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					                  State of North Carolina

                  State Board of Elections
                  506 N. Harrington Street
                     Raleigh, NC 27603
                       (919) 733-7173
                    www.sboe.state.nc.us


                      Gary O. Bartlett
                     Executive Director



    Standards for Determining What Constitutes a Vote
            And What Will Be Counted As a Vote
Pursuant to 42 U.S.C. § 15481(a)(6) & N.C.G.S. § 163-182.1(b)
                                       Introduction

Pursuant to Section 301 (a)(6) of the Help America Vote Act of 2002, codified as 42
U.S.C. § 15481(a)(6), and N.C.G.S. § 163-182.1(b), the State Board of Elections has
developed these standards and procedures to define what is a vote and when that vote
should be counted in circumstances in which voting systems are unable to determine the
voter’s intent with respect to a marked ballot. This could occur if a voter uses an
improper marking instrument, marks in an inappropriate manner, places marks in the
wrong location on the ballot, or otherwise acts in a manner that causes the voter’s ballot
to be unreadable by the voting system for which the ballot was designed.

North Carolina has certified the following voting systems for use in all elections
conducted in the State:

                                                                              Other
Optical Scan                          Direct Record Electronic                Devices

M100                                  iVotronic                               AutoMark

M650                                  ADA iVotronic

Ballot marking instructions are provided for each ballot (GS 163-165.5(6)). Optical scan
ballots should be marked according to the instructions provided for the ballot using a
black ball point pen or marking device provided at the polling place to fill in the oval
(      ) next to the candidate for whom the voter wishes to vote. Direct record electronic
(DRE) voting systems do not allow irregularly marked ballots. The voter should follow
instructions on the voting equipment to ensure the vote is cast and receive the
confirmation “Your ballot has been cast. Thank you for voting.” However, when a
voter’s choice cannot be tabulated by the voting equipment, the principles and rules for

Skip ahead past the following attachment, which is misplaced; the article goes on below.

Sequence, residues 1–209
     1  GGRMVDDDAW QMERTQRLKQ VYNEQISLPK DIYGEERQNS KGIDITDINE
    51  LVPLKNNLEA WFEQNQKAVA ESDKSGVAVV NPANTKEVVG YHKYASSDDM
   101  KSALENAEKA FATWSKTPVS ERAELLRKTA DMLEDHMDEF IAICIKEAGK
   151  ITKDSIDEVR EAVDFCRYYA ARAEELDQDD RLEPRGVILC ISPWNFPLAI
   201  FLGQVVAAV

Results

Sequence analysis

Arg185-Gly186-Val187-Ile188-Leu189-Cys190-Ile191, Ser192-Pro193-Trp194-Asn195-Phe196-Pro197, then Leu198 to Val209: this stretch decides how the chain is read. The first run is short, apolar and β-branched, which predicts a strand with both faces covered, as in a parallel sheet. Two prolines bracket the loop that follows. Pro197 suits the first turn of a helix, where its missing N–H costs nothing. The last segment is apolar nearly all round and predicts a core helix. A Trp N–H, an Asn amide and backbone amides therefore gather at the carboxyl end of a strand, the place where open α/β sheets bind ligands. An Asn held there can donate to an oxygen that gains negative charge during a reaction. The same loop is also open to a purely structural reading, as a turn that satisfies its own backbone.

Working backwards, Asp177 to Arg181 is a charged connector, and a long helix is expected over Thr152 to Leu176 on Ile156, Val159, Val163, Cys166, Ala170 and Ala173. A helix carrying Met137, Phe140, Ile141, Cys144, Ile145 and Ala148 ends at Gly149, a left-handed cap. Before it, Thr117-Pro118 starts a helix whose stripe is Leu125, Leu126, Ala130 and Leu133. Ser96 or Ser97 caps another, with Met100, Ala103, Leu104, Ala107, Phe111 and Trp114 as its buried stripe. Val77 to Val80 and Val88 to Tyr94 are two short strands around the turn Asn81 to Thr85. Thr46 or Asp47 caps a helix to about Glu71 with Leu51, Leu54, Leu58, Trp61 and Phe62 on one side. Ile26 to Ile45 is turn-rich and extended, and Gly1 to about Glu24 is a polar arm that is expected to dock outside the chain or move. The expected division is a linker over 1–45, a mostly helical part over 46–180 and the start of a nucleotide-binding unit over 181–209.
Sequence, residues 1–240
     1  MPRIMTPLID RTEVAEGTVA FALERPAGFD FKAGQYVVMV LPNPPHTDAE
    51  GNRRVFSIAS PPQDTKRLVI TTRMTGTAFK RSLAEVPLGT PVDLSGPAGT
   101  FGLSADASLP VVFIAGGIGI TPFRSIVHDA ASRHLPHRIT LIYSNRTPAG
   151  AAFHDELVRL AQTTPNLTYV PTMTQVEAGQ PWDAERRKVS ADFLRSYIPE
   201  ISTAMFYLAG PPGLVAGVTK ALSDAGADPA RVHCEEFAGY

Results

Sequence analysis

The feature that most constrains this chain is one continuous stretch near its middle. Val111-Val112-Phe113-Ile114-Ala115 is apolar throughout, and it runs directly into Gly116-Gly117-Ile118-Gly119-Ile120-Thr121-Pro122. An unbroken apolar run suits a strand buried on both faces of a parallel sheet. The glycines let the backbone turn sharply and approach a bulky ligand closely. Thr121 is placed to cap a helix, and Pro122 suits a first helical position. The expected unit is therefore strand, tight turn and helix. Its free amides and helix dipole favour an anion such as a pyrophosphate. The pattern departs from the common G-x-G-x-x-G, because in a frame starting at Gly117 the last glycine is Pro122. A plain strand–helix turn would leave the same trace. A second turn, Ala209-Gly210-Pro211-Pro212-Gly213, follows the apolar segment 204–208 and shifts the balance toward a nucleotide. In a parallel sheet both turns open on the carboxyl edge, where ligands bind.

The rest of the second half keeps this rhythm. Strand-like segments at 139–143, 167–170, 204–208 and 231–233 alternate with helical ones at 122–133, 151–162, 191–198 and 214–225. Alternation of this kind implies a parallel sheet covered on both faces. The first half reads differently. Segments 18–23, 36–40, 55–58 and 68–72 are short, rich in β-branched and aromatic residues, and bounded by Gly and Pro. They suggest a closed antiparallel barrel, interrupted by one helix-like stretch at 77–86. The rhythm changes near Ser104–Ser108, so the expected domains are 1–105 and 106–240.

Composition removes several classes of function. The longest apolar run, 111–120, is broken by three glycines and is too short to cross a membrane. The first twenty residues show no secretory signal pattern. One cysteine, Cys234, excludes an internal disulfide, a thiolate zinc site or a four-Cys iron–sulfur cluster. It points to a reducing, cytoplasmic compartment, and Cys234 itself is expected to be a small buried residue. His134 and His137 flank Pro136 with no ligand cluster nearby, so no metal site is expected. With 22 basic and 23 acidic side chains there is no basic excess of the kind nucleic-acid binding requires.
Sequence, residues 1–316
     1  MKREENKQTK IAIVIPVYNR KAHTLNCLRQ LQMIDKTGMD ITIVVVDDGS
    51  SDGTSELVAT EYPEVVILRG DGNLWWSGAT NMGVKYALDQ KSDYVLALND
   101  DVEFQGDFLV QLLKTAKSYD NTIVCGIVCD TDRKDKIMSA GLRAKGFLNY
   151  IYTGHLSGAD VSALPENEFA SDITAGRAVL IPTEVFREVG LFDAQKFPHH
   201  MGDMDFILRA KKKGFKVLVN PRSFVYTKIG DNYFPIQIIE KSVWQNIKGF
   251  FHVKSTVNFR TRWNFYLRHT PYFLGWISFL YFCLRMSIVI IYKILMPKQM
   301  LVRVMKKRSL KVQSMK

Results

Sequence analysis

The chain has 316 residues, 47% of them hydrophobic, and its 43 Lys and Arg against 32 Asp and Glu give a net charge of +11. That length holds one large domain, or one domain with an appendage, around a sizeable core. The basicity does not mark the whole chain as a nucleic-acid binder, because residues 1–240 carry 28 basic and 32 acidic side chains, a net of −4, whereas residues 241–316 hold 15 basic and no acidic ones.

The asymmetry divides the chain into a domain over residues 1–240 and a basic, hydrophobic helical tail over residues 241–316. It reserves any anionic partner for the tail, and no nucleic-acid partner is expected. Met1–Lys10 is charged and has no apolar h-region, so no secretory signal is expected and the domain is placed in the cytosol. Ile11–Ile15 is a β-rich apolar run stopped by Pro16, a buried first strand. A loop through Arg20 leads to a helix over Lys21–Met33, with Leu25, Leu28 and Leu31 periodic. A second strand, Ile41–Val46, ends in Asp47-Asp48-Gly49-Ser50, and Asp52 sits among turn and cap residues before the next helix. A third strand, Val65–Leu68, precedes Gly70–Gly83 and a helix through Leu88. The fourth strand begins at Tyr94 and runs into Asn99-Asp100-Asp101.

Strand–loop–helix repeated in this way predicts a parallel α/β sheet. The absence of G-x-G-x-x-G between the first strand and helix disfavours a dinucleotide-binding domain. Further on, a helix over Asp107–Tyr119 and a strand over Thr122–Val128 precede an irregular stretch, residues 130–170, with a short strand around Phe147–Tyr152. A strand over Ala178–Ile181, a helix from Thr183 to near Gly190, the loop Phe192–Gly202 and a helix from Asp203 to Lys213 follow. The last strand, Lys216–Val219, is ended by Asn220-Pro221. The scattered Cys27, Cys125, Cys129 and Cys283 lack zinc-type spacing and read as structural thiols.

counting official ballots as contained in GS 163-182.1, -182.2 and 8 NCAC 6B.0105
shall apply.

These standards for determining what constitutes a vote are not intended to replace or
supercede federal or state statutes or the North Carolina Administrative Code but are to
clarify and refine the process to be used by county boards of elections in exercising their
quasi-judicial authority to determine a voter’s intent in casting a vote. These standards
are to be construed and applied consistently with State and Federal law.

Definitions

The following are definitions intended to be construed consistently with state and federal
law.

Absentee Ballot        A ballot issued to a voter qualified to vote in the election at a time
                       other than Election Day.


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Ballot              As defined in N.C.G.S. § 163-165(1), “ ‘[b]allot’ means an
                    instrument on which a voter indicates a choice so that it may be
                    recorded as a vote for a certain candidate or for or against a
                    referendum proposal. The term ‘ballot’ may include a paper ballot
                    to be counted by hand, a paper ballot to be counted on an
                    electronic scanner, . . . the image on a direct record electronic unit,
                    or a ballot used on any other system.”

Blank Ballot        A ballot containing no marks in any voting position target area
                    readable by the ballot scanner, or one that has been marked with an
                    unreadable marker, or one that has been consistently marked so
                    that it is unreadable by the ballot scanner.

Candidate           A person seeking nomination or election to a specified office that
                    has met the legal requirements for the person’s name to be printed
                    on the ballot or counted as a write-in candidate.

Hand Count          To visually examine the ballot to determine the choices by the
                    voter and to manually tally the choices by contest or referendum.

Overvote            A voter marks more choices than the number of positions allowed
                    in the contest.
                    Note: Direct Record Electronic (DRE) voting systems do not
                    allow an overvote.

Paper Trail         The paper record generated by the voting system of each individual
                    vote cast.